Wednesday, January 11, 2017

Best Exes

From this week's Detroit Free Press

Relationships are complicated, but a song about relationships doesn’t have to be! Local quartet Best Exes elevate the charms of the sweet and the simple, reveling in their counterbalances, with singer/guitarist Linda Ann Jordan’s dulcet and breathy mid-high vocals doing duets with singer/guitarist Jim Cherewick’s lower, rustier, lightly-rasped warble.  The pair, for the record, are not each other’s “exes,” even if their respective past ‘exes’ helped inspire a song on their debut album (out this weekend on Palm Tapes).

clockwise from left, Linda Ann Jordan, Maria Nuccilli, Jim Cherewick, and Erin Davis

Cherewick and Jordan were writing songs together in 2014, unsure of where it would go, until they wound up booking a show. That led to the swift addition of drummer Maria Nuccilli, to make it a trio for a year’s worth of shows. Earlier in 2016, Ann Arbor-based bassist Erin Davis (also of Loose Koozies) made it a quartet. Cherewick lives over in Ypsi, where he can be found working on graphic design or splitting more singing duties with a couple other bands. Jordan is here in Detroit, working as a legal aid attorney and with the Seraphine Collective, a community of feminists working to promote underrepresented musicians and artists in the area.

“Weird Kinda Nice” is a signature Best Exes ditty, with its jangly/hazy traipse and lilt, pushed lightly by shuffling percussion, surfy basslines, reverb-ribboned lead guitar curls and that charming smooth/grainy mesh of the two lead vocalists. That song and several others on this full length cassette album, paint poignant pictures of the possibility of finding platonic love among friends and complication-free companionship, through singsongy-earworm melodies, minimalist, waltzy arrangements and guitar lines you can hum-along to. Spending time with their album, Cactus, could help redefine your perception, not about what love is, but about what a love song can be. 

You can read my interview with Jim and Linda in this week's PLAY, Entertainment Guide, in The Detroit Free Press. 

Meanwhile, I actually had the opportunity to chat with every band member in Best Exes while building this feature. Maria Nuccilli and Erin Davis are integral components to the nuanced charms of Best Exes minimalist-rock/pop productions. 

How does Best Exes compare to any previous musical endeavors? Maria and Erin, I'd like to know more about what your roles have become since joining...
: As for my joining the band, I didn't know much of Best Exes beforehand, and I don't think I had actually seen them live, until that point. I vaguely remember being at a show or bar and my friend Jim asking if I would be interested in jamming sometime, and I said sure! But I wasn't sure if it would ever actually happen, so it was a pleasant surprise when he texted me a specific time and date to start playing. I listened to all of the songs on their bandcamp and came up with bass parts for them, as I prefer to be as prepared as possible for practice - if I can teach myself a song before a practice by listening to a recording of it, I will.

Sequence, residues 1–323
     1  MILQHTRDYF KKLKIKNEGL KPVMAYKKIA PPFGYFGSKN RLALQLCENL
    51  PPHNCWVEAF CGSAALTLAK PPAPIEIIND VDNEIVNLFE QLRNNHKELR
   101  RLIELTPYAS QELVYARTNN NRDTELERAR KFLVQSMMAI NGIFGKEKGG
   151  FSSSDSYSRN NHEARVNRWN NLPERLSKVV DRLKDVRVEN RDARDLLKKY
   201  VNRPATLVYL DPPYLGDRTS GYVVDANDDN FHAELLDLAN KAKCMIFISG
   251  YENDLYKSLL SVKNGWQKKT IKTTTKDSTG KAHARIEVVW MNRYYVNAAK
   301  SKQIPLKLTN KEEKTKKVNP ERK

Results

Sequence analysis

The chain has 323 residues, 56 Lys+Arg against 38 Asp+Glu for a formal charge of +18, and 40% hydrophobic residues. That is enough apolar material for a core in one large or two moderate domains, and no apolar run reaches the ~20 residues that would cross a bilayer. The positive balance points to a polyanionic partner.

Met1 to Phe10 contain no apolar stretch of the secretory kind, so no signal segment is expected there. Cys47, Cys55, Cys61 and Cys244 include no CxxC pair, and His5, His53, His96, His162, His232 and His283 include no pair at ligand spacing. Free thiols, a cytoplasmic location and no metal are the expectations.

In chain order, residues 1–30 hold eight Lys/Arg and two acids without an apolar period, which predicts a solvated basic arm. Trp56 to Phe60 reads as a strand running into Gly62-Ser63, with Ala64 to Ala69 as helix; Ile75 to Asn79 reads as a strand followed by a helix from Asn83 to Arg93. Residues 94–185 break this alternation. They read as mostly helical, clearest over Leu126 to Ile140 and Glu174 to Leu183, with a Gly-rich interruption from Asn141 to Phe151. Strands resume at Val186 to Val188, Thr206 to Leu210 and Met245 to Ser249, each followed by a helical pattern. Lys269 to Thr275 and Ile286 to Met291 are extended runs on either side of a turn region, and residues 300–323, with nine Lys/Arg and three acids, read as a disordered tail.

Maria: The other two bands I play in are more improvisational-based, so it’s nice to be a part of an outfit with different songwriting parameters. It keeps my playing in all three bands fresh! I’m so happy Erin joined. I loved the two guitars and drums thing, but Erin is so skilled and creative and brings out so much in Linda and Jim’s songwriting. As a drummer, I think my role has become official counter of song parts when we're writing, and also official compare-er of Linda's chord progressions to early Julian Cope (see: "Laughing Boy" off of Fried). That might be my role in every band though? Jim is official recorder of new songs so we can listen back after a few weeks of not getting together.

How do you make a band work when its members are split between cities, with Erin in Ann Arbor, Jim in Ypsilanti, and then Linda and Maria being in Detroit...

Erin: It is definitely difficult to juggle being in bands with people who live in another city with a full time job. It's difficult for me to do things during the work week and I honestly wish I had more availability. However, I'm really fortunate to play music with really great people whom I love and I wouldn't be in several bands if a didn't enjoy it, so I'm making it work for now.

Maria: When you’re busy, sometimes the hardest part is showing up for things. I don’t know how we make it work, but we do. I’m in two other bands, and when I feel really spread thin, the thing that makes it work and worth it for me is viewing rehearsal not as a stressful obligation but as a needed meditation.

When you listen back or reflect back upon the sonic snapshot that is Cactus, what do you think it says, how do you feel about it, what’s it convey to you?

Linda: I think it says that we are bad at relationships, mostly.

Future plans? 

: We are already working on new songs! We just recorded one about moving to LA.

Jim: i'd like to start 6 more bands…and finally settle down. I dunno…more bathroom selfies?

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